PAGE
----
Needless to say, this bold, x-ray vision of Chicago, the Democrat Party and the hell of American politics has me beyond fascinated.
I feel myself on a virtual pilgrimage, no, a literal and indisputably classic Odyssey, with The Good Wife as an “Odyssia” and the stakes involved are not her own life but her own soul.
The drama of a human being who is incurably “Good”!
Despite all the temptations surrounding her and her return to practicing law not so much a decision as a necessity, our heroine, while declaring herself an atheist, has the appearance, no, the soul of a “Good Catholic Girl”.
As such, she was forced, by necessity, to become the angel of a second and third chance for the homicidal and depraved.
Such a heroine, as such and for myself at any rate, possesses infinitely dramatic possibilities and eternal suspense; not to mention the fact that even if she falls further into Hell, her initial “Goodness” can and will “Bring Her Back”.
The “stakes” involved are not human life but the human soul itself.
In Series 6, Episode 19, entitled “Winning Ugly”?
The very head of the Democratic National Committee reveals, through his own decisions, how profoundly corrupt he is and, therefore, how corrupt the entire Democratic Party can be.
Obviously, The Good Wife is not what we might expect from a seasoned, Hollywood producer such as Ridley Scott. It’s the very opposite of a whitewash for the Liberal Left. Actually, the hell that The Good Wife finds herself in is, in fact, the American Democratic Party itself.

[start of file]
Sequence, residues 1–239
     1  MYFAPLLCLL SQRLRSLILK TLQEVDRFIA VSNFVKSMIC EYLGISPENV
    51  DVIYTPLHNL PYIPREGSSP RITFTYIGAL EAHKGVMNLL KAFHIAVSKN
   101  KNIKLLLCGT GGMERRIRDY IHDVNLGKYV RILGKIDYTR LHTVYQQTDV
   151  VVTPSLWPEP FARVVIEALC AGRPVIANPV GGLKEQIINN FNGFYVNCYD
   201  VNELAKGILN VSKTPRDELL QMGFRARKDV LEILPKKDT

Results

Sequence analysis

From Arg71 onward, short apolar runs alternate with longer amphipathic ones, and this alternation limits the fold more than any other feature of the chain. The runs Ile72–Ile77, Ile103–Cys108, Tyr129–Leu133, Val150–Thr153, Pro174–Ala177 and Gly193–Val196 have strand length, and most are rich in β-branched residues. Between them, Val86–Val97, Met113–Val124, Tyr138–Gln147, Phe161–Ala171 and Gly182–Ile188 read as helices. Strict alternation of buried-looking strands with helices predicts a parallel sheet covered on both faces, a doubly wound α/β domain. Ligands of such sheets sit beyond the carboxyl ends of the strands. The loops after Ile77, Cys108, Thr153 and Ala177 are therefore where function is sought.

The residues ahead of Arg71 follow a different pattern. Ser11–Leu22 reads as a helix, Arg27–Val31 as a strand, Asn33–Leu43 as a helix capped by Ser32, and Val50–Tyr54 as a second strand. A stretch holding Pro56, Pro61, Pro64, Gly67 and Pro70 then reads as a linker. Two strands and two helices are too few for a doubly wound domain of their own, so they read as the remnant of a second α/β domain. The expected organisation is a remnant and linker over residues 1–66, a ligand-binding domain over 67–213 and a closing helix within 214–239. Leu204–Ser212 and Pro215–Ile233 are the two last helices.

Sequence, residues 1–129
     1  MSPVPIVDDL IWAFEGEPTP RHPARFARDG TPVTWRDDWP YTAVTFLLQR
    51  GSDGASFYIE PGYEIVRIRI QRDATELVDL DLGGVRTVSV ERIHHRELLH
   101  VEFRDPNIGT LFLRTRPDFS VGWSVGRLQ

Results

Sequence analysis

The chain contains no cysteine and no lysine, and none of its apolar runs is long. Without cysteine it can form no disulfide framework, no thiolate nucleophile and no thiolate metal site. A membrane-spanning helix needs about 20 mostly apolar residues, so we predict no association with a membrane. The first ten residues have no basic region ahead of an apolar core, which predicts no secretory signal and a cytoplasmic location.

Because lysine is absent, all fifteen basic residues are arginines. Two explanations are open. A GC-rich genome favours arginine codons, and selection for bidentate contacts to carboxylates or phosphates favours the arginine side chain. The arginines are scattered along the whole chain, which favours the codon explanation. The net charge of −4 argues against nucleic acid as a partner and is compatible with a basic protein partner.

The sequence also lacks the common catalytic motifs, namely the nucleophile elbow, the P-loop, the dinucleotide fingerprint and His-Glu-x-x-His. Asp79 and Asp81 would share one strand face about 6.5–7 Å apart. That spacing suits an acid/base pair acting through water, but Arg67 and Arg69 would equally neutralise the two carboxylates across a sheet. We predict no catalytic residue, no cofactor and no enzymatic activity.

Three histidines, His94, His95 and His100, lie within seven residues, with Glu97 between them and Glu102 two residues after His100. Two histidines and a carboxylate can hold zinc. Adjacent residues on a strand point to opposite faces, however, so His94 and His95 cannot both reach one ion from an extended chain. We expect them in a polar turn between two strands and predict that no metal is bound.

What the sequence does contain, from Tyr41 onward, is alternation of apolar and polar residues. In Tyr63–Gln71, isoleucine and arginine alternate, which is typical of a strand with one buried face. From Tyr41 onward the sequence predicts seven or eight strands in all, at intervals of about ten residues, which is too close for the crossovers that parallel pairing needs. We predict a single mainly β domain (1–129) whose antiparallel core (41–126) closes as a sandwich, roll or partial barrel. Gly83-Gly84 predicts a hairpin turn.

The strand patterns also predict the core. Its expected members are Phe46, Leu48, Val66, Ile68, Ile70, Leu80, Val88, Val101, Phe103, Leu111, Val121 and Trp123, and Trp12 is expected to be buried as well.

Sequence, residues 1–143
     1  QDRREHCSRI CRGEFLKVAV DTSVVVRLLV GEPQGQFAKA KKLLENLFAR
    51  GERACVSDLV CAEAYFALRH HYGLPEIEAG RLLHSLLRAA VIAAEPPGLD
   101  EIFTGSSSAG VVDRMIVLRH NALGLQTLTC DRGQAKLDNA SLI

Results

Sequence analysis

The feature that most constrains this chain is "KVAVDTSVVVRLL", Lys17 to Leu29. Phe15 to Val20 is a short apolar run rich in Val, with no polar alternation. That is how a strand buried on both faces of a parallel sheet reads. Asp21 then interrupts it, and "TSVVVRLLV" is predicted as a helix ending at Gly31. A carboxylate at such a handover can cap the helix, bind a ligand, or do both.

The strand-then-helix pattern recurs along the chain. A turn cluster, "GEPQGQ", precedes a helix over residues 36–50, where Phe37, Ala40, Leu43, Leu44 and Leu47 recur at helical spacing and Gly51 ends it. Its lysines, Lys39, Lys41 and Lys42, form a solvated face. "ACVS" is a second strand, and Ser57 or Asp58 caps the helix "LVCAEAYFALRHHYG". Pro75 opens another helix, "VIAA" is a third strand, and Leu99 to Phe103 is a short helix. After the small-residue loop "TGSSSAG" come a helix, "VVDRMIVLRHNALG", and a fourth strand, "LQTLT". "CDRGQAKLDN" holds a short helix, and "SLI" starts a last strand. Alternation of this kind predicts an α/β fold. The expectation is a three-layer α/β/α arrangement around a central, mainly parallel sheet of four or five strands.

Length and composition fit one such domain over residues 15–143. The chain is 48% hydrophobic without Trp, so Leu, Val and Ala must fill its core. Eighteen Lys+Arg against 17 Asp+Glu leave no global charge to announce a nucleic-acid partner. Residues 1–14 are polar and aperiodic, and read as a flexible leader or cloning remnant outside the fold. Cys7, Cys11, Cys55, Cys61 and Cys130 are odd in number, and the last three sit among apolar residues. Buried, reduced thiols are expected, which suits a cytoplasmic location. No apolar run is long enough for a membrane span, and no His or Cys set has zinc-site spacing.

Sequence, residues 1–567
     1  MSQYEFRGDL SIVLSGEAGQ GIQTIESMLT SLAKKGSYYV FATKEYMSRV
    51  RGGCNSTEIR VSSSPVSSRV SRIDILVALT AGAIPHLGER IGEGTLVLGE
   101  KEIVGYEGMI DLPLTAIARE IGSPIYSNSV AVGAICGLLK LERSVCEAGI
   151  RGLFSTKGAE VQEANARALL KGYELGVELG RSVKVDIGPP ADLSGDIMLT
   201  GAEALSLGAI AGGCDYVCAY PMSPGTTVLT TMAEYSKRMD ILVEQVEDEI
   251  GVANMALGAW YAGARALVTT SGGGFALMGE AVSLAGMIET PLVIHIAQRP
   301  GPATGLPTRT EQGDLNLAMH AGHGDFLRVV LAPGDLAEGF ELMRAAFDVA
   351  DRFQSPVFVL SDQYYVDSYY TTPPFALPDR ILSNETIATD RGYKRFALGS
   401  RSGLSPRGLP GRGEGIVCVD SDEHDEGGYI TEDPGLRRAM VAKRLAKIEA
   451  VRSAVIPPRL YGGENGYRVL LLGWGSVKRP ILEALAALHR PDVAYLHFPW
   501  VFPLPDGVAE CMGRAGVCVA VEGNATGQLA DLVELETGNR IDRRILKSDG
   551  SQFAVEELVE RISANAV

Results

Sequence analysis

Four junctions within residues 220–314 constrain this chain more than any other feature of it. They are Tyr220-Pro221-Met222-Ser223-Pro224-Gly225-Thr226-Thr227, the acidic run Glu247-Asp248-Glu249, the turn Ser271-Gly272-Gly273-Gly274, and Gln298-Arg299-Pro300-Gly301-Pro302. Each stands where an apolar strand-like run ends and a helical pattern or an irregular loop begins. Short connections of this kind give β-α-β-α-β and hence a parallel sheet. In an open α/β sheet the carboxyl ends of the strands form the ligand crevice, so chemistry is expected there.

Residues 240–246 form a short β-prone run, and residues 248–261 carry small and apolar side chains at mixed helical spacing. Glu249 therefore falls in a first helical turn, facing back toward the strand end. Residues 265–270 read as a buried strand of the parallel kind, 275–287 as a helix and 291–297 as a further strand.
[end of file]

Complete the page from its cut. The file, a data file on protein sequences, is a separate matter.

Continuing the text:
Where and when have we ever seen an American television series choose to create such a boldly naked examination of
Have I ever experienced such an offering from an ordinarily Democratic Party of Hollywood?
Not at any moment amidst my 76 years of time on Earth… and 50 some years in the performing arts.
A television series that doesn’t patronize its own audience?
That takes the “Progressive” Left’s elephants-in-the-room – Bill, Hillary and the Chicago “machine” – puts them all under such an intense, thorough and lacerating microscope?!
An ambitious law firm?!
Whose back won’t this legal posse stab?!
The Good Wife won’t stop effecting the American self-image for decades.
Perhaps even centuries.
Michael Moriarty is a Golden Globe and Emmy Award-winning actor who starred in the landmark television series Law and Order from 1990 to 1994. His recent film and TV credits include The Yellow Wallpaper, 12 Hours to Live, Santa Baby and Deadly Skies. Contact Michael at firstname.lastname@example.org. He can be found on Twitter at https://twitter.com/@MGMoriarty.